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Security Metrics: Replacing Fear, Uncertainty, and Doubt Paperback – April 5, 2007

ISBN-13: 978-0321349989 ISBN-10: 9780321349989 Edition: 1st

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Product Details

  • Paperback: 336 pages
  • Publisher: Addison-Wesley Professional; 1 edition (April 5, 2007)
  • Language: English
  • ISBN-10: 9780321349989
  • ISBN-13: 978-0321349989
  • ASIN: 0321349989
  • Product Dimensions: 7 x 0.7 x 9.1 inches
  • Shipping Weight: 1 pounds (View shipping rates and policies)
  • Average Customer Review: 4.4 out of 5 stars  See all reviews (24 customer reviews)
  • Amazon Best Sellers Rank: #128,073 in Books (See Top 100 in Books)

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About the Author

Andrew Jaquith is the program manager for Yankee Group’s Enabling Technologies Enterprise group, with expertise in compliance, security, and risk management. Jaquith advises enterprise clients on how to manage security resources in their environments. He also helps security vendors develop strategies for reaching enterprise customers. Jaquith’s research focuses on topics such as security management, risk management, and packaged and custom web-based applications.

 

Jaquith has 15 years of IT experience. Before joining Yankee Group, he cofounded and served as program director at @stake, Inc., a security consulting pioneer, which Symantec Corporation acquired in 2004. Before @stake, Jaquith held project manager and business analyst positions at Cambridge Technology Partners and FedEx Corporation.

 

His application security and metrics research has been featured in CIO, CSO, InformationWeek, IEEE Security and Privacy, and The Economist. In addition, Jaquith contributes to several security-related open-source projects.

 

Jaquith holds a B.A. degree in economics and political science from Yale University.

 

Excerpt. © Reprinted by permission. All rights reserved.

Preface

Preface

What This Book Is About

This book is about security metrics: how to quantify, classify, and measure information security operations in modern enterprise environments.

How This Book Came to Be

Every consultant worth his or her weight in receipts accumulates a small trove of metaphors, analogies, and witty expressions. These help explain or clarify those rarified things that consultants do and tend to lubricate the consulting process. Oh, and they also tend to be funny. One of my favorite bits—particularly relevant to the topic at hand—is this one:

No good deed goes unpunished.

This simply means that with any worthwhile endeavor comes many unwitting (and often unwanted) consequences. So it is with the world of "security metrics." As you will see in the story I am about to tell you, my steadfast belief that security metrics ought to be a very! serious! field of study! has brought with it its own punishment.

Several years ago, several colleagues and I undertook a series of elaborate empirical studies on the subject of application security. We rigorously gathered and cleansed far-flung source material, aggregated and analyzed the resulting data, built an exotic mathematical model, and wrote a short research paper on the subject, complete with eye-catching charts and graphs. It was well received by customers and media alike. Some time later I was asked to present a condensed version of our findings on an Internet webcast run by an industry trade publication. In this case "webcast" meant a PowerPoint presentation accompanied by previously taped narration. The audience, as pitched to me by the sponsor, was to include "CSOs, technologists, and decision-makers."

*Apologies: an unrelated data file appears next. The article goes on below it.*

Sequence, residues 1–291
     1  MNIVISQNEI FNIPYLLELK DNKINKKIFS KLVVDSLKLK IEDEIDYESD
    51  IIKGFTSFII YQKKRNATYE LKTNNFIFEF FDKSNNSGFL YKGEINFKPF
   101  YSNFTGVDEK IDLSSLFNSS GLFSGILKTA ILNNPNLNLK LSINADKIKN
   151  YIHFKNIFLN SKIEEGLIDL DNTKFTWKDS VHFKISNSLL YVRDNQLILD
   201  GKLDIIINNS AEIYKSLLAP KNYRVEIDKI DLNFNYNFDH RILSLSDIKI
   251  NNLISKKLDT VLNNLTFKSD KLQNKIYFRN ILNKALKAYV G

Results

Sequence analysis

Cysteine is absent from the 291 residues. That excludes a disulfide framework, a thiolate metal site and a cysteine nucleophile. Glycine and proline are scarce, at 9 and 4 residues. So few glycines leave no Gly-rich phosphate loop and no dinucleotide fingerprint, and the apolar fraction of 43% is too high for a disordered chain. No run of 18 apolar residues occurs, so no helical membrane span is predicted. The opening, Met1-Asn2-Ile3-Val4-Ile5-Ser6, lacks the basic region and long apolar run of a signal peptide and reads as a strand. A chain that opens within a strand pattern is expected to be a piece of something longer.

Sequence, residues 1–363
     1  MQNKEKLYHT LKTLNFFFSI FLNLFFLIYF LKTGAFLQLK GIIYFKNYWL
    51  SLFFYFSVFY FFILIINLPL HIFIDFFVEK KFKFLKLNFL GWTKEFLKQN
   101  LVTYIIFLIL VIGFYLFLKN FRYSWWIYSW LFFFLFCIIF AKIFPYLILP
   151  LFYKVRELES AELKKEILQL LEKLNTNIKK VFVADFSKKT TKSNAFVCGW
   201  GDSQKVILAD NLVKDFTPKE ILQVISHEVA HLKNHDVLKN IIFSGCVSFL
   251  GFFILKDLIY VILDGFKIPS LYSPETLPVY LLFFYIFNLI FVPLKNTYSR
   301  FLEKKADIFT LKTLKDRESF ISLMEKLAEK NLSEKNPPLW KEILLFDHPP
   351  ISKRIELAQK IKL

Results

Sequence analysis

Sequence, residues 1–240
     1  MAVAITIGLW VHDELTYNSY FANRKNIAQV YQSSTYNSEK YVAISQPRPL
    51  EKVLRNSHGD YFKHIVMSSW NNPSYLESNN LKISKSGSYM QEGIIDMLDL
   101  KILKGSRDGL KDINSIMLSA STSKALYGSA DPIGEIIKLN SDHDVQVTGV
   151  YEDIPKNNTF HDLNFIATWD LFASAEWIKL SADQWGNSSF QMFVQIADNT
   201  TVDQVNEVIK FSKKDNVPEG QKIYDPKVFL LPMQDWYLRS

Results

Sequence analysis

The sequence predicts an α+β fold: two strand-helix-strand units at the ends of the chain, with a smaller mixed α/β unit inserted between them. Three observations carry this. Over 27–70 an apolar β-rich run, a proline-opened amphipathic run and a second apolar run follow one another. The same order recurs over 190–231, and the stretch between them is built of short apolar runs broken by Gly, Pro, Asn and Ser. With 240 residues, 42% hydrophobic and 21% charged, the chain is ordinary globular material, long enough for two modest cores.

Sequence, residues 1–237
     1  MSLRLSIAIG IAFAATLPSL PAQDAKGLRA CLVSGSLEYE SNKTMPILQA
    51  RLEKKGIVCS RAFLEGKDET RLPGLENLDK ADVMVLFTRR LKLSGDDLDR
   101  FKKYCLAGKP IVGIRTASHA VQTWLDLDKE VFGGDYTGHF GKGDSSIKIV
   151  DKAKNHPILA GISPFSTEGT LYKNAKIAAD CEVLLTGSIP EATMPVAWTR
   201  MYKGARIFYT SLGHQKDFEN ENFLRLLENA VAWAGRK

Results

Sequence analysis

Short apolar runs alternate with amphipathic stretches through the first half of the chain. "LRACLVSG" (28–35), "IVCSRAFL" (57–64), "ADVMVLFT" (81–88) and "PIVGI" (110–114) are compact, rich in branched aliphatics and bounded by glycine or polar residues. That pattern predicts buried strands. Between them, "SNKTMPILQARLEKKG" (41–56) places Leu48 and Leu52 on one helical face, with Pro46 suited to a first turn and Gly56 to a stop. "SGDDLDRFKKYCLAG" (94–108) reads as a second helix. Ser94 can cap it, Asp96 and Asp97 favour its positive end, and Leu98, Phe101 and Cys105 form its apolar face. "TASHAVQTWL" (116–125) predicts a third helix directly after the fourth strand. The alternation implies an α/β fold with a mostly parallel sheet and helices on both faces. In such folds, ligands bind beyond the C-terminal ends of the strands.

That sounded great; I relished the opportunity to impress the bejeezus out of the vast numbers of grand globetrotters promised by the publication. In addition, my Inner Academic had high hopes that many in the audience would send me e-mails and letters marveling at the analytical techniques we used, the breadth of the data, and the many keen insights contained in the narrative and text. How wrong I was. Instead of measured praise from academe, I received several e-mails that went something like this:

"Great presentation, but I was hoping to see more 'return on investment' numbers. You see, I really need to convince my boss to help me buy widget ______ (fill in the blank)."

And then there were the slightly more disturbing comments, like this one:

"We have no money for our security program! Oh, woe is me! What I really need is more ROI! Help me!"

I confess to embroidering the truth a tiny bit here; the second e-mail I received was not nearly so plaintive. But the theme was clear: viewers assumed that because the webcast was about "security metrics," it must be about ROI. Our marvelous metrics were the good deed; their unfulfilled expectations were the punishment.

Goals of This Book

Mercifully, the "security ROI" fad has gone the way of the Macarena. But to be absolutely sure that your expectations are managed (more consultantspeak for you), here is what this book is about, and what it is not about.

The primary objective of this book is to quantitatively analyze digital security activities. The chapters suggest ways of using numbers to illuminate an organization's security activities:

  • Measuring security: Putting numbers around activities that have traditionally been considered difficult to measure
  • Analyzing data: What kinds of sources of security data exist, and how you can put them to work for you
  • Telling a story: Techniques you can use to marshal empirical evidence into a coherent set of messages

The need for a book like this seems plain to me. Security is one of the few areas of management that does not possess a well-understood canon of techniques for measurement. In logistics, for example, metrics such as "freight cost per mile" and "inventory warehouse turns" help operators understand how efficiently trucking fleets and warehouses run. In finance, "value at risk" techniques calculate the amount of money a firm could lose on a given day based on historical pricing volatilities. By contrast, security has . . . exactly nothing. No consensus on key indicators for security exists.